Pride in London warns silent brands: 'The LGBT+ community will remember'

Starbucks: ad followed the journey of a transgender man
Starbucks: ad followed the journey of a transgender man

Event has been postponed until 2021 due to Covid-19.

Despite the gradual relaxation of the UK's lockdown measures, Soho is uncharacteristically quiet this month, as Pride in London is one of the many events postponed amid the coronavirus pandemic.

This year, the vast majority of Pride events across the globe have been forced to move into virtual spaces in an attempt to appeal to the housebound masses, with Gay Times lauching its Undistanced fesival and PinkNews repping the rainbow with a virtual Pride procession.

Across the pond, Procter & Gamble has teamed up with iHeart Radio for an hour-long event starring Katy Perry, taking place next Thursday (25 June), aptly titled Can’t Cancel Pride.

While this year’s Pride month has seen work from Nike, Puma, Levi’s and Diesel, some members of the LGBT+ community have observed a lack of support from brands ahead of this year’s virtual festivities.

According to Getty Images’ global customer search data, interest in some LGBT+ topics has grown on the site, with big increases in searches for terms including "transgender" (up 129%), "queer" (up 212%) and "same sex family" (up 222%).

However, a comparision between search data in April and the same month in 2019 found that while searches for "LGBT" have decreased by 43% and "trans" by 30%, "meditation at home" has experienced a 5,900% rise – suggesting that well-being amid Covid-19 is a bigger concern to brands this Pride season than LGBT+ causes.

Rebecca Swift, global head of creative insights at Getty Images, told Campaign: "How can you talk about Pride this year without mentioning the impact of Covid-19? There is no Pride this year, at least in the way that we know it.

"One of the things that's going to come out of the coronavirus is the restructuring of what it means to be a brand, and some of that responsibility of who you're talking to will come to the surface of that."

Since the killing of George Floyd by police in Minneapolis at the end of May, the Black Lives Matter movement has dominated the news agenda and, with it, the social and political messaging of brands.

While Ben & Jerry’s received praise for its long-term commitment to Black Lives Matter, L'Oréal Paris promptly received backlash from trans model and former brand ambassador Munroe Bergdorf, whose association with the brand ended after speaking out about the racism surrounding Charlottesville’s 2017 Unite the Right rally.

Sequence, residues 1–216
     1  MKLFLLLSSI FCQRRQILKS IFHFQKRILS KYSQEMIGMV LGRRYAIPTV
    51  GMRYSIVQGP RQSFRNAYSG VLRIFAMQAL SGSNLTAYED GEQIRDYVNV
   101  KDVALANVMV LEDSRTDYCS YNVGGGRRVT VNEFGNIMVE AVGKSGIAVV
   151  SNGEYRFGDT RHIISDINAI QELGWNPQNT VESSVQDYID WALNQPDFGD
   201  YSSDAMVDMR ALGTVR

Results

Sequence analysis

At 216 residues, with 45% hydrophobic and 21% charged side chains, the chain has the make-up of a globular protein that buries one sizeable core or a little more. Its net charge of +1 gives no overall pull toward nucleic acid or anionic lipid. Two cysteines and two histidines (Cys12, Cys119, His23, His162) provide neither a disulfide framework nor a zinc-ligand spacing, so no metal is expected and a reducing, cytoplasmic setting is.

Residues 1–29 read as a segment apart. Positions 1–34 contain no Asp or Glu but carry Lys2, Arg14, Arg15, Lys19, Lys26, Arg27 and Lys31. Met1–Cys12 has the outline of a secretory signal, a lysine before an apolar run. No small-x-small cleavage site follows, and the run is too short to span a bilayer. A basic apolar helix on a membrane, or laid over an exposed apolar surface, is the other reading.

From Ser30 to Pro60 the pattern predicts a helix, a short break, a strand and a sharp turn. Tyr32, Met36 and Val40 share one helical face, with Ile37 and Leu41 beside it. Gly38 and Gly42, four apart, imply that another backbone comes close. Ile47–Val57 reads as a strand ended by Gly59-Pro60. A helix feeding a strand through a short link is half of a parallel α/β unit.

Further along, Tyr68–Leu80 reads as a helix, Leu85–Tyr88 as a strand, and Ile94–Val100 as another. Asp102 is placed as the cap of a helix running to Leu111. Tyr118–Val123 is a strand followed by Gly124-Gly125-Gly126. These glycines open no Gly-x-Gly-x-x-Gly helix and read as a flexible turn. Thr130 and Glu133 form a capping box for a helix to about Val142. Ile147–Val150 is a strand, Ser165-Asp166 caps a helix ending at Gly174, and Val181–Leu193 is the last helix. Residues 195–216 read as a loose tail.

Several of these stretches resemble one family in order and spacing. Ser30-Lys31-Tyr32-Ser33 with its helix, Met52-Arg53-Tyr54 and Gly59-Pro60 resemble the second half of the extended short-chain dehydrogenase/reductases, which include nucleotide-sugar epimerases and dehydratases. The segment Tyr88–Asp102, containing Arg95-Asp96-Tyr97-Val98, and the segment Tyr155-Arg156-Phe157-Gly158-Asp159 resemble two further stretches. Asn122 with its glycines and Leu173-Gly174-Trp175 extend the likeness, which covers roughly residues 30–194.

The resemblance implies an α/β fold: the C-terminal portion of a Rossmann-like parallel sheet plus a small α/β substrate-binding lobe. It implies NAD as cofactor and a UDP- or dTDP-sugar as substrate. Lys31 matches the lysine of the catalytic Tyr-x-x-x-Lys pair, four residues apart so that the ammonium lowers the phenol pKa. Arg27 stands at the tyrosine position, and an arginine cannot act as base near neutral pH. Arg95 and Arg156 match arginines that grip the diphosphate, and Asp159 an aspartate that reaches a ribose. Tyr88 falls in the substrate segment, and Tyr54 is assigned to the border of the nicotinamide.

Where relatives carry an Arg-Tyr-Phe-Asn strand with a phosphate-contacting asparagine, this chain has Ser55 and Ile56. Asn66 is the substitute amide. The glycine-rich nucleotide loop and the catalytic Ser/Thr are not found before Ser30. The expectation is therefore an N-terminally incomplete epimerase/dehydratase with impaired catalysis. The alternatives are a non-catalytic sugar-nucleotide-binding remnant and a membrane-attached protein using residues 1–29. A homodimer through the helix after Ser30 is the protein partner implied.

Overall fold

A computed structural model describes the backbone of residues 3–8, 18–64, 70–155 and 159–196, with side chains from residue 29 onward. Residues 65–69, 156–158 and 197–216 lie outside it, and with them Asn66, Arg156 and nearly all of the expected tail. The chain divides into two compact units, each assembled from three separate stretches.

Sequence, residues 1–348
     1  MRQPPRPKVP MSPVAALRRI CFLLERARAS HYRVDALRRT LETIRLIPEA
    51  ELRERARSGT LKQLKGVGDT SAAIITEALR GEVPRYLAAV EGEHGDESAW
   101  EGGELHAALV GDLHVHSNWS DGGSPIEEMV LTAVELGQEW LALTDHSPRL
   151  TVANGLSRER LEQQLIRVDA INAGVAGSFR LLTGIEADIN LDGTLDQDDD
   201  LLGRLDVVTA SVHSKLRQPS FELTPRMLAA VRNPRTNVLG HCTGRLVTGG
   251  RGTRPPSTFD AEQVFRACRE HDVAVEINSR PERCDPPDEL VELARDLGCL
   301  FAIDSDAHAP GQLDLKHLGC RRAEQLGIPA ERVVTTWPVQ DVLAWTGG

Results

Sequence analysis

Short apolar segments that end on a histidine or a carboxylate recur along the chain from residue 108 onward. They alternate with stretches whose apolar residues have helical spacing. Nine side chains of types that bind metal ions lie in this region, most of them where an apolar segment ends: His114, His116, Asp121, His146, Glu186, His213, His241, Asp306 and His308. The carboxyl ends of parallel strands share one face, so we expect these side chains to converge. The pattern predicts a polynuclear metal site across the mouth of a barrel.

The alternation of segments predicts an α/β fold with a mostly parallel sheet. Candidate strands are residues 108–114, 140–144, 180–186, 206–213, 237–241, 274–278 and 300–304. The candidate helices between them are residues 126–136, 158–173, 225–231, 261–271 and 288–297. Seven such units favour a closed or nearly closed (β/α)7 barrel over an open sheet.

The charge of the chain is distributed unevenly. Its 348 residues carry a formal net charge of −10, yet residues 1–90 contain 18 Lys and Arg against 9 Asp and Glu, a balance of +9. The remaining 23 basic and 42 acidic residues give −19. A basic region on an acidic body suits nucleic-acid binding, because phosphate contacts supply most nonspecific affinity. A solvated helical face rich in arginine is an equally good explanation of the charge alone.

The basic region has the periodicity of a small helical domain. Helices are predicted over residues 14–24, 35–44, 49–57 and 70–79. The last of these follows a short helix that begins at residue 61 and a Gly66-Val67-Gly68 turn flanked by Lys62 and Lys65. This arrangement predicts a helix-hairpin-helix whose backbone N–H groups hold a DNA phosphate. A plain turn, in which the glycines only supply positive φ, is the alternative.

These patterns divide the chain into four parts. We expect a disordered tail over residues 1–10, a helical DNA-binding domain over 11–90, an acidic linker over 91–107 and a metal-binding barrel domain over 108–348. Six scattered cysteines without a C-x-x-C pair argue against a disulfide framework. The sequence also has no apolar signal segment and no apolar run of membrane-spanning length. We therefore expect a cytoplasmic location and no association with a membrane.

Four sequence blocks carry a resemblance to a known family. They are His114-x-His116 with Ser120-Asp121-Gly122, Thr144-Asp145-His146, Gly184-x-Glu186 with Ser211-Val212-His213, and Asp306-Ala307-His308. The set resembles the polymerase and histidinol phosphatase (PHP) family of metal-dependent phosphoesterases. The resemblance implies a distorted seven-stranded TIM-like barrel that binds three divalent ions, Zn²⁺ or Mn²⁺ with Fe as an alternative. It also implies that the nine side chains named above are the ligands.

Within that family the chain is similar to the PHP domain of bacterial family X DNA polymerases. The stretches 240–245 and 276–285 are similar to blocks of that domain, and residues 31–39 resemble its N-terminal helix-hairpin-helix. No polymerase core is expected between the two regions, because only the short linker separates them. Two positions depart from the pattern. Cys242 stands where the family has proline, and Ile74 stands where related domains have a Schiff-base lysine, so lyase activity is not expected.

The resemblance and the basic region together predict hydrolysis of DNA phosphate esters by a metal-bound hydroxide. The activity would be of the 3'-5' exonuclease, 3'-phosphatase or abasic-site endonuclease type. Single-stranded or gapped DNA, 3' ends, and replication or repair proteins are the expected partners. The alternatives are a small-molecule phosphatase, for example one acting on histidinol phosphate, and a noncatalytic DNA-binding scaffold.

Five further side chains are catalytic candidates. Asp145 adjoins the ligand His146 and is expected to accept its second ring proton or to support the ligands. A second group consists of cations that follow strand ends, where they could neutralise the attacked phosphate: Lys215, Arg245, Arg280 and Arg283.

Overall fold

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Christopher Kenna, chief executive and founder of Brand Advance, an ad network that specialises in reaching diversity at scale and has previously worked with  L'Oréal, believes that the LGBT+ community has been left by the wayside as brands focus their content on Covid-19 and Black Lives Matter.

"Covid-19 and Black Lives Matter have been the perfect storm for brands to pivot towards being more purpose-led," Kenna explains.

"This month would be a perfect time to start interacting with the LGBT+ demographic and I've got to say I've been really disappointed. Now is the time where we're all looking for brands to be useful and to be relevant."

In 2019, the UK pink pound – the spending power of the LGBT+ community – was valued at £6bn per year, with more than one million people identifying as having a minority sexual orientation.

In the past, brands have often incorporated the rainbow flag emblem of Pride into their activity as a way to both tap into that market and express solidarity with the community – with mixed results.

Tom Stevens, director of marketing for Pride in London, warns that utilising the rainbow flag may be considered inauthentic.

"It would be easy for brands to duck out, but I really hope that most of them won't," he says. "We always advise brands against slapping a rainbow on their logo and considering it job done, because that really doesn't cut it.